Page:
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all her virtues, of her meek and gentle disposition, her playful fancy, her deep sorrows, so silent yet so hopeless, her blasted love and untimely end. As this last suggestion arose in his mind, he looked up to heaven, and a sneer of determined scepticism spoke the natural feeling of his heart.

At night-fall he returned, to gaze once more on the pallid form of Elinor. There she lay, the same sweet smile, the same sweet expression that had characterized her countenance in life, preserved unaltered its interest in death. She appeared hushed in slumber, and the minstrel bent over in breathless silence, as if he feared to disturb her repose. A single lock of hair hung down upon her face. One bitter scalding tear fell on it, but the mourner dried it in his heart-When his last hour arrived, he ordered himself to be carried to the greenwood. The season was spring, and the trees were putting forth their green leaves. was carolling among them, and minstrel listened to its wood notes,

A nightingale as the dying a faint stream

of pleasure sparkled in his dim eye. A few evenings afterwards the same bird was heard singing upon his grave.

Years and years have rolled; the outlaw and his bride, Glendower and his clansmen, the Abbot and his monks are low in the narrow house, and

their very name is fast sinking into oblivion. Such is the perishable nature of human reputation. In the spring of our life, we sow the seeds of fame, that posterity may reap the harvest; but the autumn blight comes, and the labourer and his produce are neglected. The greenwood recess still exists, and is often frequented by strangers, who come from afar to survey its wild and romantic scenery. The Towy winds as of yore, through the glen, though it no longer wafts along its tide the hunter's horn or the outlaw's bugle. But the rock better known as "Twm John Catty's Cave," is the principal object of attraction, and when the present writer was last in the neighbourhood, was tenanted by an unassuming misanthropist, who from some pecuniary or amorous discomfitures had foresworn the society of mankind.*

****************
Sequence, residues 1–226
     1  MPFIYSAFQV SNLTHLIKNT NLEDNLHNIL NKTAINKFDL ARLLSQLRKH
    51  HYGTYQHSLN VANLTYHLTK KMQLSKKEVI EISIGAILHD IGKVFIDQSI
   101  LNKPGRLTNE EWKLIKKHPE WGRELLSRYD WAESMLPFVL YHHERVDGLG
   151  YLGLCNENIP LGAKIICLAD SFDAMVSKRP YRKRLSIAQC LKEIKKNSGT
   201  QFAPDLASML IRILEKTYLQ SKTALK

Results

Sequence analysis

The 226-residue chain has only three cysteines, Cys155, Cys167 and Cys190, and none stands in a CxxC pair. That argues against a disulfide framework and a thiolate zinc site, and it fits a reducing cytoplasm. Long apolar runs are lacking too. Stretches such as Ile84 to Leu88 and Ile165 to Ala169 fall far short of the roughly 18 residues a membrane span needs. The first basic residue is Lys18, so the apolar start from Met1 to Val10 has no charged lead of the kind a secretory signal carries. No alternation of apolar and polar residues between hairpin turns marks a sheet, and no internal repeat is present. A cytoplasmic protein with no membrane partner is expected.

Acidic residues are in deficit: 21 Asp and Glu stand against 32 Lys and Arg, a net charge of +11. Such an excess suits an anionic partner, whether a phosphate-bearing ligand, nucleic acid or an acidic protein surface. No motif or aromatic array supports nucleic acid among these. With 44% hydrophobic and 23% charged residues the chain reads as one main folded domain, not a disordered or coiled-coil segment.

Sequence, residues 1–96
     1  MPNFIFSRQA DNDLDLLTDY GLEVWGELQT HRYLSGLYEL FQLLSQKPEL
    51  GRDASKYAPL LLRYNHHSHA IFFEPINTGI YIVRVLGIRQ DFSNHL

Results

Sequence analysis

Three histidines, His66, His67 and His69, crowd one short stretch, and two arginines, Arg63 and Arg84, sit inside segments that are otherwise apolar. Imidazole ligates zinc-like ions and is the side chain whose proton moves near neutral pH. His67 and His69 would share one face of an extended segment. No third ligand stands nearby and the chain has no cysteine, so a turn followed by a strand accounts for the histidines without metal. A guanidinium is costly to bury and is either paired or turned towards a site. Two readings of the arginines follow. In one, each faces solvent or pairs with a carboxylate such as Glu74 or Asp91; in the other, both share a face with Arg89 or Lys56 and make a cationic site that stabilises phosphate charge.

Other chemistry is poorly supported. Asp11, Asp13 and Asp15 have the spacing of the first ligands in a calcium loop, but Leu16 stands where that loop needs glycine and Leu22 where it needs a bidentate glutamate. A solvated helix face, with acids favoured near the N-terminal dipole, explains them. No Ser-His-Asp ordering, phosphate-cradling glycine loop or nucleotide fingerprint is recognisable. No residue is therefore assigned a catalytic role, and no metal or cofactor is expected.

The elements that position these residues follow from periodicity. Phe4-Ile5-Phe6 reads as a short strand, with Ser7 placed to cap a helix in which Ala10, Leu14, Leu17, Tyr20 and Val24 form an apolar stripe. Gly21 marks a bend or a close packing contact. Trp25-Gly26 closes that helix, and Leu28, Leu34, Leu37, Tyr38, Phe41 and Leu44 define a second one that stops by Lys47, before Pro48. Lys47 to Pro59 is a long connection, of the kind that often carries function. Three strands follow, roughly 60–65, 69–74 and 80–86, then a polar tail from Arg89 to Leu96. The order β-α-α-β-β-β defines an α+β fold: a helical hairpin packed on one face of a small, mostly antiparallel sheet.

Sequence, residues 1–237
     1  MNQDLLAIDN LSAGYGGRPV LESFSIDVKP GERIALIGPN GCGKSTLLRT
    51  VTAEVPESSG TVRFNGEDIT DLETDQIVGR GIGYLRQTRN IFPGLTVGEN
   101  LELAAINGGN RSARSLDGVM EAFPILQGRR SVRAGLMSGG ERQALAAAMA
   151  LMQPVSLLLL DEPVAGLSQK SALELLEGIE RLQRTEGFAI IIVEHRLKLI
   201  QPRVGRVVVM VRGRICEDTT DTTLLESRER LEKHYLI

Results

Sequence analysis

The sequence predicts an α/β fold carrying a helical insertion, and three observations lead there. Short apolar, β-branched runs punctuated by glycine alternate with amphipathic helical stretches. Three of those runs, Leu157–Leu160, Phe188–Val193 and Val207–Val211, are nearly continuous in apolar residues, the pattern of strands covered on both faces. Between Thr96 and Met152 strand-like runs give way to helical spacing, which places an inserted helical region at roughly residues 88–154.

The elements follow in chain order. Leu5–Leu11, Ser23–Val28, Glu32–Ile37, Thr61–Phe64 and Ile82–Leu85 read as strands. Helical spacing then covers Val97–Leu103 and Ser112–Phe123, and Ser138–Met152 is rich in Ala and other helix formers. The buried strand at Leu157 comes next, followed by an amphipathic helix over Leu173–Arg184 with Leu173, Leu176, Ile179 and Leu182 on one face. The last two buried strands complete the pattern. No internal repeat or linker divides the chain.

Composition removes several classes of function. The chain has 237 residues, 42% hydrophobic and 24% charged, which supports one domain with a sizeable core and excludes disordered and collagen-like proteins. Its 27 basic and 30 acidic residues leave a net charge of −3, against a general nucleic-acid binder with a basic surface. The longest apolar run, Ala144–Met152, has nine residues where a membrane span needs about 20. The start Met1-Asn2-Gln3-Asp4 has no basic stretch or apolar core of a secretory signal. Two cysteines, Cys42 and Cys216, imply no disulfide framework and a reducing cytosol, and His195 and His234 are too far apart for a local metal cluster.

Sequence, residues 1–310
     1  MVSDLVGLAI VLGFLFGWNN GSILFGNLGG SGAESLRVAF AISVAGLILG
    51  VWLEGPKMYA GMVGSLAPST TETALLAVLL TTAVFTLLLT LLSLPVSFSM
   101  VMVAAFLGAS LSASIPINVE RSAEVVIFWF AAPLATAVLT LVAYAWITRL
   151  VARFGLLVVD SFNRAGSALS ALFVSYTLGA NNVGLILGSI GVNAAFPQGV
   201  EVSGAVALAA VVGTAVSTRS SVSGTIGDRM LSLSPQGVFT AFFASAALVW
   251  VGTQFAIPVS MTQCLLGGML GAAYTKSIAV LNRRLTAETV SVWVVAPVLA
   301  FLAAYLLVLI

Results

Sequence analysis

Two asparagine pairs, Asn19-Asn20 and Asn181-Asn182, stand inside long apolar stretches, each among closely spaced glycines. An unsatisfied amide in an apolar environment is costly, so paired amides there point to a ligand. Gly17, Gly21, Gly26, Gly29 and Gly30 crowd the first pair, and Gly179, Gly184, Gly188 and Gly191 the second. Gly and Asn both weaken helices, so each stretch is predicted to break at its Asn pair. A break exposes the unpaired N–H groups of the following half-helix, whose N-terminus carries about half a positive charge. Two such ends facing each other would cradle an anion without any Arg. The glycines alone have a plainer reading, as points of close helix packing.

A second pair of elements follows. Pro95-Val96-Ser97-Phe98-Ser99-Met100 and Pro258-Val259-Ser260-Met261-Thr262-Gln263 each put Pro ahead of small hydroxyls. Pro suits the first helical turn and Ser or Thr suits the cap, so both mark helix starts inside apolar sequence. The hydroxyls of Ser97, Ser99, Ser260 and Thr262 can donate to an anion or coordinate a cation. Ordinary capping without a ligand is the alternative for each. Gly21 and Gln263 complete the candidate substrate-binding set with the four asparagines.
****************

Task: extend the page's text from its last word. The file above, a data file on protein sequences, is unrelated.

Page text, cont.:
* The reader of this idle tale will, I trust, pardon the orthography of the different Welch places alluded to in it, when I assure him that I have been nearly put to death in a vain attempt to pronounce them after the most approved fashion. Wales is as famous for the length and toughness of its words as of its pedigrees, and many of its villages have more consonants than houses. One, in particular, has a name long enough to rival the famous cook's bill at Cambridge, which was thirty-six feet long, by one and a half broad.



Poetical Anodynes from the Album.

Dum relego scripsisse pudet.

N.B. When at the instigation of mine host of Llanwrda, I first undertook the editorship of his Album, I expressly stipulated that it should contain no verses; for after my conversion to the true faith, under the guidance of that spiritual and spirituous pastor, Mr. Damon Damn'emall, Field Preacher and Brandy Merchant, I rightly opined that the cultivation of poesy was nothing more or less than the cultivation of an acquaintance with Sathanas. "Verses; Sir," said Mr. Damn'emall, in his usual blunt manner, "are all lies, and Beelzebub being the father of falsehoods, must of

of necessity be the patron of Poets." No reasoning could be more logically acute than this; so I returned to my landlord of the Nanny Goat and Nine-Pins, with the devout stipulation that I have mentioned above.

But what are the good intentions of man? The Inn-keeper on my hinting the proviso, cunningly allured me into his little back parlour, where he placed before my optics, a most seductive jug of Welch ale, and after divers touching enquiries concerning my wife and eleven babes, (the handsomest of whom, he had heard was as like his father as he could stare,) argued with me on the folly of such a stipulation, and concluded by reading a line or two from a vituperative ode to the Devil. This quieted my scruples, for the man, thought I, who bruises the head of the serpent, will run no risk of bruising the holiness of devotion, and I forthwith conceded to his request, after finishing another jug in compliment to my sagacity.

When the matter was thus definitively settled, the poesy was put into my hands, and I have here arranged it for publication. It is evidently the work of many writers, as indeed the original MSS. in the Album betokens. The lines alluding to local topics, appear noted down from the impulse of the moment, which I am grieved to assert is their


sole claim to popularity. This opinion, however, (for by the blessing of God, I am as far removed from being a poet as I am from heaven,) was given to me by an old fat gentleman in a tie-wig, whom I have sometimes met at the Nanny Goat and Nine-Pins, and with whom I have held logical ratiocination on the subject. He informed me that on perusing the Album MSS. he had not found a single stop, and that poetry and punctuation both beginning with a P. must consequently belong to the same family. From this, he very acutely observed, that where there were no stops, there could be no poetry; and then shook his head in a way which proved that he knew more about the matter, than he chose to communicate. "The Village Girl" he called execrable, and indeed I am pretty much of the same opinion, for on an accurate inspection of the MSS. I found that all the t's were left uncrossed; that the i's were without a night cap on their heads, and the I's were sometimes unlooped, and sometimes looked as if fattened with the corpulence of parturition. Bad, however, as it is, I am compelled to publish it ; instigated thereto by the minaceous exhortations of the Inn-keeper, in whose books I am five fathom deep. Should the reader, therefore, find fault with the poetical portion, or indeed with any other of the manifold wickednesses

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